Genomics in heatlh

What is the genome?

The complete set of DNA of an organism is called a genome. Each cell in the body usually has a copy of the genome. The human genome is 3 billion base pairs (or letters) of DNA, it is divided into 23 pairs of chromosomes and is located in the nucleus of the cells. The genome works like an instruction book, through which proteins are manufactured, and these proteins perform different functions such as forming organs, tissues, chemical reactions, etc. After all, it is the genome that determines whether a cell divides, differentiates in a cell from a particular tissue, or dies.

What is genomics?

Genomics is the interdisciplinary field that consists in the study of the complete genome of an organism. To accomplish this, DNA sequencing technologies and various computer tools are used to sequence, assemble and analyze the structure and function of the genome. It is also looking forward to relate sequence to function, which also includes interaction between different genes with each other. Through the generation of more and more genomic information in the world, new functions and interactions are discovered, and their correlation with diseases and other conditions. Likewise, the field is opening up to the possibility of editing the patient’s genome through CRISPR technology, however it is only in the investigative phase and it will still take a few years to be part of the day-to-day medicine.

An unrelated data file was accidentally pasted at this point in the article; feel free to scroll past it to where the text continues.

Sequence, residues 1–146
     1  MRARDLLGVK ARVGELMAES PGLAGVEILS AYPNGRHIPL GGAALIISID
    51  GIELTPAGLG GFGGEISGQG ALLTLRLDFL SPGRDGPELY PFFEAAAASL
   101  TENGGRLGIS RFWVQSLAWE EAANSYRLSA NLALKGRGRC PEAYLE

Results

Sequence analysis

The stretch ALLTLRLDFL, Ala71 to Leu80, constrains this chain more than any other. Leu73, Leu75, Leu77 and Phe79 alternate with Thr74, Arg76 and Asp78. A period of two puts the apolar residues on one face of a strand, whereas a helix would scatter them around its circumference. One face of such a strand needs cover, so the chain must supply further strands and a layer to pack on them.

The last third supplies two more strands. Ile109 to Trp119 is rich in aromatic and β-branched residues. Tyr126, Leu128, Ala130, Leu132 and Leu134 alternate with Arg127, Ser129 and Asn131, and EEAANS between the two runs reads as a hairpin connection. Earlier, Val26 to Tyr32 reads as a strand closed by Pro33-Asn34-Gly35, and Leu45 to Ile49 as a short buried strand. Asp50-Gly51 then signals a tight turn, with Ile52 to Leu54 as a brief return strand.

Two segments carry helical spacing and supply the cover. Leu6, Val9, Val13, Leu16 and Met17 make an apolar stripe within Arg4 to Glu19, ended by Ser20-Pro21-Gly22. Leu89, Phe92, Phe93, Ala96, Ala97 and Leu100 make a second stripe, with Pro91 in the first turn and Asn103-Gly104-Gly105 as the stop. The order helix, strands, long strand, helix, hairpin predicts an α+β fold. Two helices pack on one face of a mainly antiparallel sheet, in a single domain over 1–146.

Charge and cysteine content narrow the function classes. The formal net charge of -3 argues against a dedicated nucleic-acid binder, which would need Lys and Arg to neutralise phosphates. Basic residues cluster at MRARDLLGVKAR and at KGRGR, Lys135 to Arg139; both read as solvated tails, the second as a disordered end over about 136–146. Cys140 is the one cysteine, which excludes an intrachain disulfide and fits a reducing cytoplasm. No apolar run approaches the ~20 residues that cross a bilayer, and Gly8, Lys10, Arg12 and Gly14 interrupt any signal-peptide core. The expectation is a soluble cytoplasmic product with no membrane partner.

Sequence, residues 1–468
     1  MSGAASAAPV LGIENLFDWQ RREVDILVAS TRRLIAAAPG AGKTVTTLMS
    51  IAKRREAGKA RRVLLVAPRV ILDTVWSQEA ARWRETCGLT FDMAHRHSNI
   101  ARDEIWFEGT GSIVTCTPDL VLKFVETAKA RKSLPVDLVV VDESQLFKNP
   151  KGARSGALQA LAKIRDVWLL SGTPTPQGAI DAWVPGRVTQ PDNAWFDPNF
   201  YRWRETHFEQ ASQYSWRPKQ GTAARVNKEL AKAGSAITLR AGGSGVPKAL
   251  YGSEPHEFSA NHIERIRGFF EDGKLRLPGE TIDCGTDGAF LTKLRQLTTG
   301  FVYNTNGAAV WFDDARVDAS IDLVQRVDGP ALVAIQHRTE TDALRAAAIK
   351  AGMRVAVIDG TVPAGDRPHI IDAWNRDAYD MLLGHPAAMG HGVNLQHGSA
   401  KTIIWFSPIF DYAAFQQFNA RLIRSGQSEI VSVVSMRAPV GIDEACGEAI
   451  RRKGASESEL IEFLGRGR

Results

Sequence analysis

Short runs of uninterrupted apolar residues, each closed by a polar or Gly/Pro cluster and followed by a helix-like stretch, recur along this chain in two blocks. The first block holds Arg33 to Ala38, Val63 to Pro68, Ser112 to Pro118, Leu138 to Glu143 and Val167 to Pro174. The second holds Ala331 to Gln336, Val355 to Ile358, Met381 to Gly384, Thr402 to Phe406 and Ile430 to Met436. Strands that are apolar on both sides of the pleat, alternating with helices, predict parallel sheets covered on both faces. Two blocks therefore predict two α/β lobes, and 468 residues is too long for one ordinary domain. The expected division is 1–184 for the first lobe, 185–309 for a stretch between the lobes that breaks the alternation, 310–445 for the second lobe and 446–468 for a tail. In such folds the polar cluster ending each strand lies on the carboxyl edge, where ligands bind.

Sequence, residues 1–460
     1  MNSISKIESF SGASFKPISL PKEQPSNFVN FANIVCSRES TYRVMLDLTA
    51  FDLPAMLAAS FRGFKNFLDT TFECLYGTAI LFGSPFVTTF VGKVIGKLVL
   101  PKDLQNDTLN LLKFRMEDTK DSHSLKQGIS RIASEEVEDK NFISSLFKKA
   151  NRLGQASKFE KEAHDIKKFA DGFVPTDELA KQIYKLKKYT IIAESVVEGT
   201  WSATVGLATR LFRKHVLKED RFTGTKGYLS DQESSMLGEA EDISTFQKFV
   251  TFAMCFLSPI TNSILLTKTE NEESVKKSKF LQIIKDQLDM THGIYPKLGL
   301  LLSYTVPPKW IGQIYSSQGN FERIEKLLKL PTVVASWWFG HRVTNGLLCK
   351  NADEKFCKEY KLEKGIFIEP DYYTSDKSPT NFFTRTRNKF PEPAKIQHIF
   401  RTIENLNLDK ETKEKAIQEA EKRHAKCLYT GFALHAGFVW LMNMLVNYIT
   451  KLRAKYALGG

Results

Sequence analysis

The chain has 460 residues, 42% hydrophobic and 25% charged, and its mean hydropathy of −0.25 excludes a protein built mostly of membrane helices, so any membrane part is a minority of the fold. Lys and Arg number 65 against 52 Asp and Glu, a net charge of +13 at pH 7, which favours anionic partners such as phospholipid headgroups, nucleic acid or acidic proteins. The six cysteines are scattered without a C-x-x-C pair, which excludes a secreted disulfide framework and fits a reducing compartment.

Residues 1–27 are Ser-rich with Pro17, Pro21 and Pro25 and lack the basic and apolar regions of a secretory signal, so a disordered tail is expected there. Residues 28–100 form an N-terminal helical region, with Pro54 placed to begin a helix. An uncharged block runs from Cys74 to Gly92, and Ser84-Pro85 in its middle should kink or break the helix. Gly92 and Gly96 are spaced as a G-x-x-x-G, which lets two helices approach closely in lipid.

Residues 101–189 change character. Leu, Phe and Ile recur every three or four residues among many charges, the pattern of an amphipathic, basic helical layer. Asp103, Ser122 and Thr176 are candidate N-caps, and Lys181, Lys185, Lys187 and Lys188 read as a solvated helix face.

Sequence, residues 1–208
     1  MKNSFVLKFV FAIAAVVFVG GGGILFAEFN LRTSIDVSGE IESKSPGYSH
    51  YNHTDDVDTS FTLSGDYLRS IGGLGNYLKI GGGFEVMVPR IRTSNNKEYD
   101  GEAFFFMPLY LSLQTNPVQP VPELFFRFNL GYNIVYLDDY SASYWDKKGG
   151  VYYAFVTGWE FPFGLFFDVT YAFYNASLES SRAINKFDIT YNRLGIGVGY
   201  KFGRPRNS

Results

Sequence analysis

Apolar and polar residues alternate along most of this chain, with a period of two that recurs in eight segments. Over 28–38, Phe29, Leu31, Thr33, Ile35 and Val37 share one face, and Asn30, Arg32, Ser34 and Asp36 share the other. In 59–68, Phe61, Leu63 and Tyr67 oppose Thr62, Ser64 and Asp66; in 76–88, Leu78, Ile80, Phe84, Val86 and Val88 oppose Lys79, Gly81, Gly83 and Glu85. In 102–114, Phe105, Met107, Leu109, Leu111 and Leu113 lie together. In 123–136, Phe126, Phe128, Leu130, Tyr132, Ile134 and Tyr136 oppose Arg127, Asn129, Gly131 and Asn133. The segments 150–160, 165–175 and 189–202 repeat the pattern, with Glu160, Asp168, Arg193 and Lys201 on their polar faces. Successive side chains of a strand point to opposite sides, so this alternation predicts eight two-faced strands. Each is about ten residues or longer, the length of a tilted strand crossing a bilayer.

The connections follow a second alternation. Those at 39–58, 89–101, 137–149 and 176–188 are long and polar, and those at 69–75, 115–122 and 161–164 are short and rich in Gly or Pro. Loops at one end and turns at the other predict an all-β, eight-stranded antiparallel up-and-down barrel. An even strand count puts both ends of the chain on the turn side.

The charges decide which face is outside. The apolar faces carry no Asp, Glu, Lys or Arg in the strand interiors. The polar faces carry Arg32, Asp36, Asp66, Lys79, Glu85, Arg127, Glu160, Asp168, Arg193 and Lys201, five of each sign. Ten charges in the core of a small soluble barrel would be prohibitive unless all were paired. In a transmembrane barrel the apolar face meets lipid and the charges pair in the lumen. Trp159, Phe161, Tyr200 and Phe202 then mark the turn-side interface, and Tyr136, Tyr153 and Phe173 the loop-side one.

How does genomics influence oncology?

Cancer is a disease, or rather a set of diseases, of genetic origin, which are characterized by having an altered and atypical division of cells; and which in turn can expand or invade other tissues.

Usually the cells divide to form new cells in a controlled way. This is how our body grows and is repaired. Each time the cell divide a new copy of the genome is generated, and each copy can generate errors, which are known as mutations. Most of the time these errors are repaired, but sometimes they can remain and accumulate. Mutations in key genes can lead to an uncontrolled division of cells, forming a cell mass that can become a tumor. In the case of blood cancer, as is the case of leukemia, there is no tumor formation. It can also be a benign tumor, in which it is not classified as a carcinogen. The difference is that the benign tumor does not expand or invade other tissues.

Through genomics, cancer-related mutations can be analyzed, which opens doors in screening, diagnosis, personalized treatments and in the calculation of risk.

Why genomics is important in health?

Sequencing technologies are becoming increasingly accessible; and information on the meaning that mutations can have in different pathologies, especially in oncology, is increasing. Therefore genomics can determine risk to certain diseases, sensitivity to medications, prognosis of disease progression, etc. More and more this information is being used as a tool for the doctor when making decisions; so in the future the treatments will be tailored to the patient and his genome.